Pluteus cervinus (Plutaceae), the deer mushroom, is a common saprobic species with lamellae that are free (i.e. the gills are not attached to the stipe as in some species) and which are initially white but often fade to pinkish. The spores are rose to brown in color. The deer mushroom is distributed through much of North America and grows on a variety of organic material. The texture of the pileus is quite soft, almost mushy; and although the fruiting bodies are fairly large, they are short-lived, lasting less than a week.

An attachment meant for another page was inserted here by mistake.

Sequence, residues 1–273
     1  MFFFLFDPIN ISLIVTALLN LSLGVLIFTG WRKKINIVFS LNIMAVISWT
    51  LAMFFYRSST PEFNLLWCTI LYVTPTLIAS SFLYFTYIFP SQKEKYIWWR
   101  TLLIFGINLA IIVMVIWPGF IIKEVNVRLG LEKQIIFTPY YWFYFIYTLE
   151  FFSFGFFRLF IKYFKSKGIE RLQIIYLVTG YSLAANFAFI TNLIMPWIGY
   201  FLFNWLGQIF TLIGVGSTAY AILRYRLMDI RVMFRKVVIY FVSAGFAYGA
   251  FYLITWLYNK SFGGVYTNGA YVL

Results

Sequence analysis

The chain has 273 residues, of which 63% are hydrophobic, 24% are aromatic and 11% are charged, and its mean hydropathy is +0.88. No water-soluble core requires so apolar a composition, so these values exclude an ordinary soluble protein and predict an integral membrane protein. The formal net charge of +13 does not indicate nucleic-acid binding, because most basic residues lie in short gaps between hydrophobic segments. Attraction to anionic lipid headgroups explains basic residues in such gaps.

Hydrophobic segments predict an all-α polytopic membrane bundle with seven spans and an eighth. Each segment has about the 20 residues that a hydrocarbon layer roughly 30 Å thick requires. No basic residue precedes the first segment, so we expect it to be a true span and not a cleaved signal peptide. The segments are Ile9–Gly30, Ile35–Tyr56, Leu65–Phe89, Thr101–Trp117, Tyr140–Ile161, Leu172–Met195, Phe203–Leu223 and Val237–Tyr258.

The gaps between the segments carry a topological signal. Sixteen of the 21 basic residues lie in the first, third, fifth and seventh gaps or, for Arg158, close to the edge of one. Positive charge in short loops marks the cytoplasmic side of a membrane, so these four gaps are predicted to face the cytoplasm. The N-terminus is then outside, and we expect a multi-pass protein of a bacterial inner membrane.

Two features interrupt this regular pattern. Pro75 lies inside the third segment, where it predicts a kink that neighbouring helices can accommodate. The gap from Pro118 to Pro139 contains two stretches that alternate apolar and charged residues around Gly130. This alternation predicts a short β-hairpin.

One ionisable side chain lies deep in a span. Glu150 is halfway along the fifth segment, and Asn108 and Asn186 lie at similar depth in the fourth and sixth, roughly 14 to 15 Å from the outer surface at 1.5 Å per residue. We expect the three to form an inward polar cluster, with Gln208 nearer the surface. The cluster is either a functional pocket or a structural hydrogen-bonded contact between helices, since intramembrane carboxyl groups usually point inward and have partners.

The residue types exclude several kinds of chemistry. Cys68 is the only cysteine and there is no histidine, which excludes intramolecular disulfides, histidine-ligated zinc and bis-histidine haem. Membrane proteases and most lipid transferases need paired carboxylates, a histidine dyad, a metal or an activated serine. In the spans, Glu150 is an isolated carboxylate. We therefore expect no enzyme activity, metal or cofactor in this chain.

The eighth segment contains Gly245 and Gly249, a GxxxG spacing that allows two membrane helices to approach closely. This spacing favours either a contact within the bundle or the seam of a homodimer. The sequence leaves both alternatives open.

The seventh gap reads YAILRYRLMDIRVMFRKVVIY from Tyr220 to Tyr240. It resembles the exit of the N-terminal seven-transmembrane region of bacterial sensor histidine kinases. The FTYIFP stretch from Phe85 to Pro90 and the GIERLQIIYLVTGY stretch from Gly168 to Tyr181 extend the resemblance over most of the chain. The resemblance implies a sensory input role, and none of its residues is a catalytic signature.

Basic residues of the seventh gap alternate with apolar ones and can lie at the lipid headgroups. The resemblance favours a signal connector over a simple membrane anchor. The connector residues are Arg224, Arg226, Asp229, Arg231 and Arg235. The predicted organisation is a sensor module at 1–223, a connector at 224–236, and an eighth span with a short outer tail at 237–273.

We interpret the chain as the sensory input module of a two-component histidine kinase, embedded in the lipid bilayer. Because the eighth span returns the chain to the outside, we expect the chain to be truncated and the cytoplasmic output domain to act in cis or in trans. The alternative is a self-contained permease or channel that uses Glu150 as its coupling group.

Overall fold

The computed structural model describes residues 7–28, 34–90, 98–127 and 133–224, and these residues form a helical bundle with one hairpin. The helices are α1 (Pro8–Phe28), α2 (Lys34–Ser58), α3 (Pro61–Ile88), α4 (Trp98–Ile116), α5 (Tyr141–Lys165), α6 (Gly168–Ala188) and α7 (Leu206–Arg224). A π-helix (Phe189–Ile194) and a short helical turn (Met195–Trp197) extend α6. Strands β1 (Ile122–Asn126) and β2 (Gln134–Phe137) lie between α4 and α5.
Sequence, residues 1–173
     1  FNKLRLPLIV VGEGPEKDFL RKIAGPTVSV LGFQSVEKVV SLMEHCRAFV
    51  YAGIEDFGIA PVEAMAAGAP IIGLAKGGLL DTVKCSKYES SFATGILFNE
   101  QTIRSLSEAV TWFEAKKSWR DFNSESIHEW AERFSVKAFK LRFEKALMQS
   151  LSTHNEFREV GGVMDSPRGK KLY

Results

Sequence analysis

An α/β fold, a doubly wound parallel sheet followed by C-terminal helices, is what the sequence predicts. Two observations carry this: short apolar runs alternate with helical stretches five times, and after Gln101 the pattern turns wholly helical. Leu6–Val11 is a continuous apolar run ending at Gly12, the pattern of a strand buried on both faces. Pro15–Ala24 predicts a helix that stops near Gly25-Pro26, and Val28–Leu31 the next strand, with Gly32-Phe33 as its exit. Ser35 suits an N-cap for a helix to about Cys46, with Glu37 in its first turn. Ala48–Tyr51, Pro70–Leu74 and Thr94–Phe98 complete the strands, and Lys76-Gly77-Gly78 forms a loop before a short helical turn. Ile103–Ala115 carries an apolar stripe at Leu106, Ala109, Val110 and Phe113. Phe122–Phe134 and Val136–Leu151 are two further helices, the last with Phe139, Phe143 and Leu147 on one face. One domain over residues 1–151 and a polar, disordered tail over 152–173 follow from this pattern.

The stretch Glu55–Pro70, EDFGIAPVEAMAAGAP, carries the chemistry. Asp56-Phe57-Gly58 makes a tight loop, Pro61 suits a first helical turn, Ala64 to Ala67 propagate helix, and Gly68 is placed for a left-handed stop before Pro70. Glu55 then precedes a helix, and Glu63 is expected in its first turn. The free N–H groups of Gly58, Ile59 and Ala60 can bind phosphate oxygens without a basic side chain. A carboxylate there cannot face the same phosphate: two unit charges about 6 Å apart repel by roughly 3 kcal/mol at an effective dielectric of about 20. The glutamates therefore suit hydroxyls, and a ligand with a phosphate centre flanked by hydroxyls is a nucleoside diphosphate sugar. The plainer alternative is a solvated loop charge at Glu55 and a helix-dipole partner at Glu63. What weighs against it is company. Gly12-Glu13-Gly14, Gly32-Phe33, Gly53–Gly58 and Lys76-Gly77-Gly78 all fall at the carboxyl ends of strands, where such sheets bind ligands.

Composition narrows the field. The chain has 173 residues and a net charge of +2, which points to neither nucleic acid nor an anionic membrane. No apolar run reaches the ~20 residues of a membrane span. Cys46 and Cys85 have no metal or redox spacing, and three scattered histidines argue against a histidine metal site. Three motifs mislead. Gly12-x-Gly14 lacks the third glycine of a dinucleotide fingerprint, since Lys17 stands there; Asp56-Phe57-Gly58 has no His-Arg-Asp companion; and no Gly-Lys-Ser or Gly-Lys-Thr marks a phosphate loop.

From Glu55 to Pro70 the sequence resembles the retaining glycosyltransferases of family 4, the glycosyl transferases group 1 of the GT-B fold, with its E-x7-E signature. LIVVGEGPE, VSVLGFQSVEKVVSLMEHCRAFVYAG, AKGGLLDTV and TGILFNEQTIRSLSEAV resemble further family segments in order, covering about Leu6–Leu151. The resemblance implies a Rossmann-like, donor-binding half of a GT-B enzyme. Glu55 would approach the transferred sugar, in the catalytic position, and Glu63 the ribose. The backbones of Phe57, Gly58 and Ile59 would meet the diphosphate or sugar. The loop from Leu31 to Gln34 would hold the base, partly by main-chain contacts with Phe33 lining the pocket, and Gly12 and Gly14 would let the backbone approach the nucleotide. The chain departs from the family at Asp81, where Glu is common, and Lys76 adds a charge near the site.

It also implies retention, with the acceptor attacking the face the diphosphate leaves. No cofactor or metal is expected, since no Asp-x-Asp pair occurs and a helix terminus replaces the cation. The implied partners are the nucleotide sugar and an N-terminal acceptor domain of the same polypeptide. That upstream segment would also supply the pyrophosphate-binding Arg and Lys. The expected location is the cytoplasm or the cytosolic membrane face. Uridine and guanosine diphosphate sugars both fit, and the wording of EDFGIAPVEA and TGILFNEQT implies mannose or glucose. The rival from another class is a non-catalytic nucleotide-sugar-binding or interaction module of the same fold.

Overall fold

The mushrooms photographed grew in my yard on the ground-up roots of trees that were removed–one that was already long dead (red maple), the other a live but non-native tree, the camphor (Cinnamomom camphora). Unexpectedly, most of the approximately two dozen deer mushrooms that appeared over a two-month period in winter and early spring (2014-2015) were associated with the latter tree. No other mushroom appeared over that period. Since it had been only a few months since the tree was cut, the mushrooms either developed from mycelia investing young, still fibrous wood, or else developed from mycelia growing on other, buried organic material. The mushrooms started out with a brownish cap that faded rather quickly to light tan or sordid (“dirty”) white. Diameters of the mature mushrooms ranged from 6-13 cm.